Moon Young-me was one of the five million South Koreans estimated to have come out onto the streets in June 1987. She was bare-faced, wearing no makeup or fancy clothing. That was the norm for the student protest culture at the time. She was a 21-year-old history major, a transfer
In the two minute ad, a youthful man beckons the unseen female behind the camera into his kitchen. “This special restaurant has opened just for you,” he says with a sheepish smile. After fumbling with kitchen utensils and ingredients, he serves the dishes on the table. The table is covered
Snow White steps into the room and takes her robe off after a long day. Two dwarfs, accidentally entering the room through a magic teleporting mirror, hurriedly hide under a sofa, leering at her as she undresses herself. She goes on to take off her red heels, in an oddly
With his good-looking entourage (especially one of his campaign bodyguards), newly-elected president Moon Jae-in has excited many in South Korea and beyond. Now, he is enthralling the electorate with his choice of ministerial nominees – this time, not for their appearances but because they are women in positions previously dominated
Yesterday marked the first anniversary of the murder near Gangnam Station in Seoul, South Korea. Nearly a thousand people — mostly in the younger generation — silently marched across the streets of Gangnam, paying tribute to a 23-year-old woman who died in the hands of a stranger in a public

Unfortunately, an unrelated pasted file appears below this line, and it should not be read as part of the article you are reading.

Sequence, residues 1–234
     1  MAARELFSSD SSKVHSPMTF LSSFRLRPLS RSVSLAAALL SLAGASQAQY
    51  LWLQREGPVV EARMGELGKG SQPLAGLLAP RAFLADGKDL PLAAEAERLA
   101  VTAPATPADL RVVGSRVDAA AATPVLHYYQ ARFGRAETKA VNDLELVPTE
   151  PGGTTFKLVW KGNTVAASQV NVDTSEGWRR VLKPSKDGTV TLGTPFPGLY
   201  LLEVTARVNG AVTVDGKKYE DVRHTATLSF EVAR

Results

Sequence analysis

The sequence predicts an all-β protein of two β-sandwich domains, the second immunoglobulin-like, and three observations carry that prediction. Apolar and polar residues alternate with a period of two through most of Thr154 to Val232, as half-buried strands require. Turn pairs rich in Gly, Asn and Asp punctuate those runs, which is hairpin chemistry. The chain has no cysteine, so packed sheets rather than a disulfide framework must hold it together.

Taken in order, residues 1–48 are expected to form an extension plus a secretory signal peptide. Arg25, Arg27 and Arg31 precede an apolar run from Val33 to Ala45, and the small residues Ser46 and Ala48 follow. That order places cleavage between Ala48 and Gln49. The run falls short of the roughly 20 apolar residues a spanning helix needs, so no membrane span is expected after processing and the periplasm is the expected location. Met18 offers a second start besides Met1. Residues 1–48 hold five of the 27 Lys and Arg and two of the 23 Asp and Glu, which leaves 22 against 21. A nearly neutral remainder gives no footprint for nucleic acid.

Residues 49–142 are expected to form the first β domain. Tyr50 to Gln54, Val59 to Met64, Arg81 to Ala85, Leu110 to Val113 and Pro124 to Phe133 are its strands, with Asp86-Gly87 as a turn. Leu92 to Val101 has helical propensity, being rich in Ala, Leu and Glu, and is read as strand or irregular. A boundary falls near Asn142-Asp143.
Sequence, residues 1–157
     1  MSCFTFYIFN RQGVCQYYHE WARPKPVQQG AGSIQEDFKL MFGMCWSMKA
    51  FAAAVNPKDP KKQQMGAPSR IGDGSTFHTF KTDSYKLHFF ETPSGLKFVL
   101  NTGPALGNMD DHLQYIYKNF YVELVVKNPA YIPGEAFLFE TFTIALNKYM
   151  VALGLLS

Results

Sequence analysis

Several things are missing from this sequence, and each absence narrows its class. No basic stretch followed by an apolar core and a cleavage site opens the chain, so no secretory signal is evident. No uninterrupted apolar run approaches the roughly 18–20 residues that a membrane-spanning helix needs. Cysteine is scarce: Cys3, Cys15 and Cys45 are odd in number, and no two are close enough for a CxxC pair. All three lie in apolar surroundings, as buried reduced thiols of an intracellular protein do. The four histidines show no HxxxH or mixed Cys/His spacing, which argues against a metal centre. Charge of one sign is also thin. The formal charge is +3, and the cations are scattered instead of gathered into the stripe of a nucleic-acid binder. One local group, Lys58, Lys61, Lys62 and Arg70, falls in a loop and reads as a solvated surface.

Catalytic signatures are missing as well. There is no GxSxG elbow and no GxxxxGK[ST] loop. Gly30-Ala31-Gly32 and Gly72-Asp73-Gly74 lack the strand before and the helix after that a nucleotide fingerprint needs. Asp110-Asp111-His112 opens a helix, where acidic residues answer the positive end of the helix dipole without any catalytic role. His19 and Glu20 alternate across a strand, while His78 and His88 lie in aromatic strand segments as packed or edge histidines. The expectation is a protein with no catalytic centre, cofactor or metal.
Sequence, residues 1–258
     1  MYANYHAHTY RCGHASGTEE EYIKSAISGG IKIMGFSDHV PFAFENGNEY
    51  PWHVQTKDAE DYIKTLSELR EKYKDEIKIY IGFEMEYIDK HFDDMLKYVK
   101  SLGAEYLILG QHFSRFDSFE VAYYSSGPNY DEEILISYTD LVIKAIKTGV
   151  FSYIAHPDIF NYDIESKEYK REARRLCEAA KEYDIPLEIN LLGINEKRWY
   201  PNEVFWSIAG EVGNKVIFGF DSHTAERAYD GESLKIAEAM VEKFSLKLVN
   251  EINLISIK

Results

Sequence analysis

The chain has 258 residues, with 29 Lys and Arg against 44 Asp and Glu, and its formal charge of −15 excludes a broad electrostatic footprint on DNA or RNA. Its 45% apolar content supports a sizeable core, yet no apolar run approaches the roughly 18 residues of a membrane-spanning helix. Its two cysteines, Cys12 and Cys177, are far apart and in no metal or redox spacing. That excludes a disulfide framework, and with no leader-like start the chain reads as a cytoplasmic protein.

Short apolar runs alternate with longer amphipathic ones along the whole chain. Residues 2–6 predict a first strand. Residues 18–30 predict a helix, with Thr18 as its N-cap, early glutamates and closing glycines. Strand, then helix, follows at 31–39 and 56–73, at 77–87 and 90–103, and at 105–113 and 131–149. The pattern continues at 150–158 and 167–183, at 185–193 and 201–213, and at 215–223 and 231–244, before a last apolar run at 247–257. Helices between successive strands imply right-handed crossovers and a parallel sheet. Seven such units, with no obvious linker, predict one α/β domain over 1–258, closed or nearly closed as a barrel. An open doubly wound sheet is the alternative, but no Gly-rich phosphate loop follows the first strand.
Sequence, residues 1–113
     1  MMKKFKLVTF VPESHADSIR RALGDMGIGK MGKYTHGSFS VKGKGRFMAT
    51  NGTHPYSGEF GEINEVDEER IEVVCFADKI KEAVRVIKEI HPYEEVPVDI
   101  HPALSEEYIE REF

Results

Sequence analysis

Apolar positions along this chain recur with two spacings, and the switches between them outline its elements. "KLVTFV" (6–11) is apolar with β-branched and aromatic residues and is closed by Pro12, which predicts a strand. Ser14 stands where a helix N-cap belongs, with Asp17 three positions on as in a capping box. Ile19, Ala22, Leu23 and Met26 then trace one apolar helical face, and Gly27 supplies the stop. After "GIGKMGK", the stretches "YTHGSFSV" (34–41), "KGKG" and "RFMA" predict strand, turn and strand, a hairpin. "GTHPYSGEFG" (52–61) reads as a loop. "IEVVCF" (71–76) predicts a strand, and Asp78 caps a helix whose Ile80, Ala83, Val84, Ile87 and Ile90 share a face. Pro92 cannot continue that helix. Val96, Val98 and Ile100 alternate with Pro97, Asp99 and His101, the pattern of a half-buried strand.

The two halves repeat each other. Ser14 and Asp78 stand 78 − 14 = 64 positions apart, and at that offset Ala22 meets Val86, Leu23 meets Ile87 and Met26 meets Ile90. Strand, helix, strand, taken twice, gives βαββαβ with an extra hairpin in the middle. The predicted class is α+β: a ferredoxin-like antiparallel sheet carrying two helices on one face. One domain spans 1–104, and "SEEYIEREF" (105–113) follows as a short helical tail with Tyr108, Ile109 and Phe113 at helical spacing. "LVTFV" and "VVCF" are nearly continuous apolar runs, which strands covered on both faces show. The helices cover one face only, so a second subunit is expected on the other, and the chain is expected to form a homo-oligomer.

Handmaids are a rare breed in the Republic of Gilead, where most women are barren. The purpose of their existence is to reproduce. If these few fertile women shirk their duty to breed, they face immediate execution or, worse, are banished to “The Colonies” to die slowly of radiation poisoning.
Recently, the Korea Exposé team was looking at presidential candidates’ lists of pledges. “Woman” was the name given to one of the categories. A colleague asked me, “How do you feel about being a policy category?” I didn’t really know what
An old advertisement is suddenly going viral online in South Korea. Keywords: “pedoFILA” and “sexualization.” Against a pink background, dotted with strawberry patterns, “Strawberry gelato” is written in playful cursive lettering. By the way, this ad is not for a new flavor of Baskin Robbins. Underneath the script, a sneaker
She calls herself the maid to Park Geun-hye’s princess. She’s the fringe to Park Geun-hye’s mainstream status. Park grew up in a castle: the president’s official residence that her father occupied for 18 years until his assassination in 1979, to which she returned many years later
Today was International Women’s Day, and South Korean women took this celebration to another level. Korean Women Workers Association (KWWA) held a “Day Without Women” march in downtown Seoul and other cities nationwide, calling out for women to fight against the gender wage gap.
Mar. 1 marks one of Korea’s most famous pro-independence protests, which saw hundreds of thousands take to the streets against Japanese colonial rule in 1919. Many protesters are remembered today as national heroes, but among them, Yu Gwan-sun is one of the few female leaders that most South
Two narratives generally dominate the portrayal of South Korea’s most important holidays, Chuseok (the Autumn Harvest) and Seollal (the Lunar New Year), which was just last week. There’s the happy narrative: Extended families get together to celebrate over traditional home-cooked Korean dishes; smiling celebrities in hanbok promote the